Agenda item

DSG FUNDING 2021 / 22


·  Papers for Information and discussion


NP referred to the report distributed prior to the meeting, it was shared it on the screen and NP noted that there was a need for various members to vote during the paper presentation. The DSG report shows the funding for the next financial year and is broken down as follows.

·  £215.7M DSG allocation for Southampton

·  APT schools block funding

·  de-delegation for primary schools and secondary schools, should they wish to de-delegate funding for trade union duties to cover supply costs for staff

·  Central Schools Services Block allocations

NP advised that having gone through the schools block APT model there is a sizable surplus on the funding, applying the NFF factors at full value there is a surplus of £400K. The £445 quoted in the paper may go up or down, although there is a need to know what to do with the surplus.


NP referred to the DSG funding block that shows the movement from 2021 to 2022. Schools have gone up by 3.5% year on year with an actual increase of 8%. Next year the teacher pay grant and pension contributions award have been added in and the 8% is artificially high as these had not been included before. High Needs has gone up by 12.5% and by 13% once the adjustment is made for pay grant and pension contributions.  This is also a big increase. Part of the Central Services Block is for historical commitment they are being reduced by 20% per annum. The DFE are keen to phase these out as they are perceived as old commitments.  NP read the notes;

·  2021/2022 DSG allocations above are before Academy recoupment and deductions for direct funding of high needs places by Education and Skills Funding Agency (ESFA)

·  APT Model at full NFF has a surplus of £445k, shown on Page 6.

·  Central Services funding reduction is due to a 20% reduction in historical commitments which are expected to be unwound.

·  The DSG funding allocation may change during the year as and when schools convert to academy status, as they will receive their funding directly from the ESFA.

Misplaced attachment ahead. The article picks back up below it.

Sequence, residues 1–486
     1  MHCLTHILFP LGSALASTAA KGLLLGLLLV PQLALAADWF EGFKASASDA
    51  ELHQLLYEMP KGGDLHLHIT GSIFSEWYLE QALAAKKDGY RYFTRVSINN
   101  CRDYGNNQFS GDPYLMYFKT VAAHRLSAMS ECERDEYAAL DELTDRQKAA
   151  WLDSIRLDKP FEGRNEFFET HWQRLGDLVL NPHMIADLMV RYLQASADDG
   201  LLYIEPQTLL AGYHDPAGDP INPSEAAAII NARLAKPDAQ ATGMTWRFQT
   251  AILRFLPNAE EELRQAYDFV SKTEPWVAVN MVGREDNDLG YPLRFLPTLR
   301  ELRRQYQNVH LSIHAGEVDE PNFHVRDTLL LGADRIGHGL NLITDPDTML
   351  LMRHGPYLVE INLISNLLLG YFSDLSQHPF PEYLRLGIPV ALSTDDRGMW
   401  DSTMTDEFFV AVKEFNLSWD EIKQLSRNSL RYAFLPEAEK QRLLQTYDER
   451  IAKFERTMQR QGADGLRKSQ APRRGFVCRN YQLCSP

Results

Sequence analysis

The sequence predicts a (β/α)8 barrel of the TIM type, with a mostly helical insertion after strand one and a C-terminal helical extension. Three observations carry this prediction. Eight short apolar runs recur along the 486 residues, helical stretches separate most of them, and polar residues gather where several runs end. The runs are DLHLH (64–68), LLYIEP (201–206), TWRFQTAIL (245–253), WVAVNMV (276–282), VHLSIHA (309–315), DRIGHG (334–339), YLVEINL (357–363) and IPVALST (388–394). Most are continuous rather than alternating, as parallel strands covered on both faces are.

Schools convert to academy each year and as a result of that the figures look different at the end of the year.


NP reported that under the Key Changes, that the IDACI have changed, these were last reviewed in 2015 and have been brought up to date using 2019 information in the calculation factor. The teacher pay grant and teachers’ pension and employer contribution grants are now incorporated into the NFF and the DSG. It is based on pupil numbers for the schools block, with £180 per pupil for primary and £265 for secondary. The NFF support for small and remote schools has increased, the maximum sparsity value from £26,000 to £45,000 for primary schools, and from £67,600 to £70,000 for secondary schools.

1.  Schools Block
There is a surplus in the schools block calculation that has been modeled at full NFF. NP asked the members what they would like to do with the surplus and gave the following examples; to contribute to the High Needs Block transfer, to add it to the lump sum factor to go back to schools or retain it for a central fund for future growth.

SP sought confirmation within the APT is the MFG set at 2% in the modelling. NP confirmed it was.


SP noted regarding the IDACI, that his analysis shows the change from the 2015 to 2019 data set for IDACI will have a negative impact on schools and asked NP from the modelling he had done to explain what the changes mean in financial terms going to schools. NP did not have the information to hand, and noted he had not reviewed the IDACI before and after and will take it away as a query.

ACTION. NP to report the proportion of pupils captured in each IDACI band.


JD noted that the vote under Item 6 had been delayed until members had heard this information. When the consultation around the potential transfer of 0.5% from the schools block to the High Needs block to elevate pressure was opened, the assumption was funding could be reduced to schools to provide that money. Now, even when the NFF is allocated there is a surplus of around £445K. This is a third option that was not originally available when the consultation. There are various ways in which the surplus could be spent, such as to transfer the surplus to the High Needs Block rather than taking it from the schools block.  The surplus is subject to final validation and may alter if any final adjustments are required.